Terra Nova. “[A]bout 20 minutes into the 2-hour pilot, my wife asked how I would make it through 120 minutes when I was already making fun of it after 20. There’s a pretty simple equation here: dinos good, family bad. The dinosaur effects are fine, and there are some Dinos Attack! scenes that are pretty exciting. But this being Steven Spielberg, it’s really about Family, and this family is about as interesting as the Robinsons of Lost in Space.”

The Hour. “It has an interesting cast (Dominic West, ex-McNulty from The Wire, Oona Chaplin, and, in the lead female role, Romola Garai, who is exquisitely real looking). It’s not as good as Mad Men, to which it was compared (foolishly, I think), but it’s close enough to count, and yes, it’s coming back for a second season. Look for it when it hits your favorite streaming site … six episodes, come on, you can knock that off in an evening.”

The Walking Dead. “I won’t be surprised if The Walking Dead never rises above its limitations. But there is nothing wrong with a show that knows what it wants to do, and does it. The Walking Dead is the Joan Jett of television, which makes the B+ I gave Season One ironically appropriate (Christgau gave Jett’s albums five straight B+ grades, saying ‘not since her start-up has she made something special of her populist instincts. It's almost as if that's the idea.’).”

Sons of Anarchy. “Ultimately, very little mattered. Most of the same characters will be back next season. The deck chairs have been rearranged, but nothing more. On one level, the entire season was well done … up until the last episode, I felt this season ranked with Season Two as the best so far. The finale, on its own terms, was tense, with the usual great acting. But what the finale represents in terms of a loss of nerve, a capitulation to the central flaws of series television, is very disappointing.”

Downton Abbey. “I was a lot like the middle-class lawyer, Matthew Crawley, who at first dismissed the attentions paid to him by the servants after he became the heir presumptive to the estate (as if I knew what an heir presumptive was … thank you, Wikipedia). It rankled that everyone seemed to know and accept their place, and that the one character who was most ambitious (a footman) was also the most devious and unlikable character. But eventually I felt like I’d learned something about the British class society of the time, and had been entertained in the process.”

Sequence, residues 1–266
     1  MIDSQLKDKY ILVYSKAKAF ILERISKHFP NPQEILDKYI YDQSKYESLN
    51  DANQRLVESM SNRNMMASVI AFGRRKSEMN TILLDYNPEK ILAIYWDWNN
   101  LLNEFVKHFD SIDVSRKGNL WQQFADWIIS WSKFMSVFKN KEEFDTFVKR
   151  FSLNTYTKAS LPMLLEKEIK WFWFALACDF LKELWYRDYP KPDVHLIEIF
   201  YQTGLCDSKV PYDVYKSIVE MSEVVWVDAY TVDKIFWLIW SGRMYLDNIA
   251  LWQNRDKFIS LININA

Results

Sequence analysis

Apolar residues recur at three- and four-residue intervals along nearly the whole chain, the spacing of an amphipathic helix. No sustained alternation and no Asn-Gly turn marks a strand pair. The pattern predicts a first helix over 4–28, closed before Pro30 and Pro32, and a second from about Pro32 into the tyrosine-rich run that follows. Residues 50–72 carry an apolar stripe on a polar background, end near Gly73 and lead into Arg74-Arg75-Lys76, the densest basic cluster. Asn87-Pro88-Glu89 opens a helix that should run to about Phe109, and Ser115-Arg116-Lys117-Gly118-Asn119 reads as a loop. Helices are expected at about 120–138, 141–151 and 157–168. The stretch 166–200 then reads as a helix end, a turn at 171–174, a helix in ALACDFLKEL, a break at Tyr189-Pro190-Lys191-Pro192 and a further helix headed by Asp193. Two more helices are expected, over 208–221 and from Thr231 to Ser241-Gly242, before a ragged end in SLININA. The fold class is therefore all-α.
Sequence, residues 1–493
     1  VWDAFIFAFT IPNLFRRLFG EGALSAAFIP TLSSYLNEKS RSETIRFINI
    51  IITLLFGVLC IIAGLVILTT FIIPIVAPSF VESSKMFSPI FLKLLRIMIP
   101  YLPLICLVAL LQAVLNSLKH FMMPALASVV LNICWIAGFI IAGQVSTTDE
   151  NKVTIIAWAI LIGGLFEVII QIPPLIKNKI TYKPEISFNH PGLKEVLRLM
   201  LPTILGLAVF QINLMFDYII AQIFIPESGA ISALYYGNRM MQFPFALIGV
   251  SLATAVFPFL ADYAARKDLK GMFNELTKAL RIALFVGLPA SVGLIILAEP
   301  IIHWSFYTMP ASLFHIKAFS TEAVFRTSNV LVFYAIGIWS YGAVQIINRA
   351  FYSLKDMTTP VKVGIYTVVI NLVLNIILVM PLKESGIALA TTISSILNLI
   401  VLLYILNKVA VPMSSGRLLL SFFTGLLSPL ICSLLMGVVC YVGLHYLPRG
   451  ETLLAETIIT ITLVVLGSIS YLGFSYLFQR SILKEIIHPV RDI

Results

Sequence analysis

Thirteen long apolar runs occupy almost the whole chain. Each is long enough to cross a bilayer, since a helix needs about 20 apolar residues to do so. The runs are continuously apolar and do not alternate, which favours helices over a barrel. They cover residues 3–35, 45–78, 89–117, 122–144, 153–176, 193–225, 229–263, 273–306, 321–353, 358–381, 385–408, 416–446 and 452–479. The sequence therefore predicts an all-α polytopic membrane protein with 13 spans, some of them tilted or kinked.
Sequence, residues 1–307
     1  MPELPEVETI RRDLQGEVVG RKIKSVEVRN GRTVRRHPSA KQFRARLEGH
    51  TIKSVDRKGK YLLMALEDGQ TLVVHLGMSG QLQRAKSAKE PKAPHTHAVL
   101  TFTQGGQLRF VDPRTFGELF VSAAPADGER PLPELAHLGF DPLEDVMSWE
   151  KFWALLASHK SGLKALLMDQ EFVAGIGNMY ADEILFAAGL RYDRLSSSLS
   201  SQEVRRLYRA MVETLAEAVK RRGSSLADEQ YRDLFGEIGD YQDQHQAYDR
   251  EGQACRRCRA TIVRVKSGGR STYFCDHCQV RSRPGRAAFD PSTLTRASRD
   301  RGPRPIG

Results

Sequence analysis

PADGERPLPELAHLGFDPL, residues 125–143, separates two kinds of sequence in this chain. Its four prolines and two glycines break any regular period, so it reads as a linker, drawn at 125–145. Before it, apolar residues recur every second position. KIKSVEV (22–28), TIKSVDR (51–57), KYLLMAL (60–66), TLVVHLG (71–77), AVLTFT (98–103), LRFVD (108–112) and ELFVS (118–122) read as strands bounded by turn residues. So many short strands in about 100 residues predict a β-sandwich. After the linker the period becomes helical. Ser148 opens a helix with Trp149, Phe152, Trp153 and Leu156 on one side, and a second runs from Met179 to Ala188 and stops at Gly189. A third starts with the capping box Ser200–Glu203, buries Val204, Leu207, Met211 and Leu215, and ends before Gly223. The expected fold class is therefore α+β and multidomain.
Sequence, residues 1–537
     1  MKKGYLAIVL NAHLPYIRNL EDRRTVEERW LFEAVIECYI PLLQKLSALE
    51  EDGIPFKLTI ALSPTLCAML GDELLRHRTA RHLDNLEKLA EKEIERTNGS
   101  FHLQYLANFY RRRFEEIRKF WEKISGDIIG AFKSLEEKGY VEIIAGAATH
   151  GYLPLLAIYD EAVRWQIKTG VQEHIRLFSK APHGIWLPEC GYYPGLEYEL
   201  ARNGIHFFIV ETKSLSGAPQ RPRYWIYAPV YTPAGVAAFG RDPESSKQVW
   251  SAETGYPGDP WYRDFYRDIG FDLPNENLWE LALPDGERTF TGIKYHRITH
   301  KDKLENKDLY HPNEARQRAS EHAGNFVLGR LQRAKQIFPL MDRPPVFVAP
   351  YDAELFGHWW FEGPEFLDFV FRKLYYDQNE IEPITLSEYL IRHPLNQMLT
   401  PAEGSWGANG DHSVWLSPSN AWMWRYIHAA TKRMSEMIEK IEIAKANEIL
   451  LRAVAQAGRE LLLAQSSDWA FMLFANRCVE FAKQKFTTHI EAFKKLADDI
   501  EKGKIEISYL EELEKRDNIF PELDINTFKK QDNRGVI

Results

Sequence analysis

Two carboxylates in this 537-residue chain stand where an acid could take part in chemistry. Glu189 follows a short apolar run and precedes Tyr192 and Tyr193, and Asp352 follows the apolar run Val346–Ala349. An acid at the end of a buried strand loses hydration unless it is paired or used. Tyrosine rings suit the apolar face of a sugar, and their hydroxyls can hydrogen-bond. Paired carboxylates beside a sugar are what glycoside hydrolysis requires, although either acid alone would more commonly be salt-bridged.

Homeland. “It is not easy to use bipolar disorder as a dramatic device without turning your series into a freak show, nor is it easy to take a part with plenty of scenery chewing and award-bait dramatic sequences and turn it into something recognizably human. Danes pulled it off … she was astounding on a regular basis in Homeland.”


what i watched last week

Slim pickings, what with the end of the semester, and so many TV series finishing off their seasons. I’m left with the “what shall I watch on my Kindle Fire while we lay here in bed relaxing” movies.

Before Sunset (Richard Linklater, 2004). Seemed like a good Fire choice, since it’s short, and the visuals are kinda lo-fi. I hadn’t seen it in almost six years; back then I wrote the following:

Ethan Hawke is a generally fine actor and he's very good here, but the truth is, I couldn't take my eyes off of Julie Delpy. It's not her looks ... she's pretty enough, but that's not what made her so compulsively watchable. She just does a great job of conveying both her submerged emotions and her open intelligence ... you often get one or the other, but not both like this. She deserves an Oscar nomination.

Delpy did get an Oscar nom (I saw this during one of my annual Oscar Runs, before I gave up on the idea because I couldn’t bear to watch another movie about Captain Jack Sparrow). But it was for Best Adapted Screenplay (along with Hawke and Linklater and Kim Krizan). She and Hawke clearly add to their own dialogue .. how much is unclear, perhaps, but it’s obvious that some of it is theirs. It all works so well, even if it sounds twee: couple who met cute nine years ago meet up again and spend an hour and a half walking around Paris, talking.

As for Delpy, early on, I looked at my wife and said, “I’ll bet you Mick LaSalle loves Julie Delpy”. She is so much his type: pretty-not-beautiful, smart, European, makes interesting career choices. Then I get up the next morning, and what do I see on Mick’s blog? “The Most Alluring Women in Cinema”, a slideshow of his favorites. Julie Delpy is there, and his description could have come just after seeing her in one of the “Before” movies: “You already feel like you’ve been on a date with her. And you already know what to do. Keep your mouth shut and let her do all the talking.”